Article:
A seemingly simple traffic stop can change in seconds to a gunfight. Be prepared
for any contingency.
My law enforcement career now spans 31 years. For 25 of those years, I have been an instructor for in-service officers, police recruits and SWAT personnel, specializing in the areas of firearms, defensive tactics and patrol operations. Improving officer survival does not always require actual hands-on training and instruction in the latest tactics and methodologies. Sometimes, officer survival can be improved or enhanced through studying the thoughts, experiences and suggestions of others. Those of us who write such things hope to change the way officers perceive the world around them whether on duty or off.
Here are some of the most important foundations for conducting safe and controlled traffic stops.
All Stops Are High Risk
There are no categories such as “low risk,” moderate risk,” and “high risk” traffic stops. Teaching officers that some stops are less inherently dangerous than others is setting them up for serious injury or death should they adopt that mindset. Think about this. When you stop a violator for any reason, you are interfering with and interrupting the activities of the most dangerous and unpredictable animal on the planet. No matter how much information you have about that violator and their vehicle before the stop, there is one thing we can never know regardless of our technology: What is going on in their mind. Violators are unpredictable.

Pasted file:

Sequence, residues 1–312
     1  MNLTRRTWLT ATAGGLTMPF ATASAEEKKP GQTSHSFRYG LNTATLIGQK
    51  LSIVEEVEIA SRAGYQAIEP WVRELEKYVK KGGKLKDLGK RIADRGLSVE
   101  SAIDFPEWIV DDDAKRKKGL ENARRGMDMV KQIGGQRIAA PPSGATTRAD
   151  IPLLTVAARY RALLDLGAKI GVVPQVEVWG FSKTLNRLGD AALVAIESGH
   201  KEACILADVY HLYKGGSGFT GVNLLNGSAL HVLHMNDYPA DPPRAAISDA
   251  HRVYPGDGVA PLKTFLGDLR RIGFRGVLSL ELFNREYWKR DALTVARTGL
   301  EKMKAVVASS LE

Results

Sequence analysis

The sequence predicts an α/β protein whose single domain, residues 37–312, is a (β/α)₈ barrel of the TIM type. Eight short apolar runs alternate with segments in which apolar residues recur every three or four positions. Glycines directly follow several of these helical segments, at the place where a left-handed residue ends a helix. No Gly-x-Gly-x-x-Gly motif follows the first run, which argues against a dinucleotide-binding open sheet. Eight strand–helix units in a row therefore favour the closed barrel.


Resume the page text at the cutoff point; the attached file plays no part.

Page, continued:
Another term that needs to be dumped is “routine.” There is nothing that is ever “routine” when it comes to interrupting the activities of another human being. Think I’m wrong? How many officers have you heard of being killed in the line of duty during so-called “low risk” or “routine” stops? But, if we drop the vernacular of low, moderate, high risk or routine traffic stops, what do we use in their place so we can discuss, learn and teach proper traffic stop techniques?
A seemingly simple traffic stop can change in seconds to a gunfight. Be prepared…
by Mike Detty / Feb 1, 2012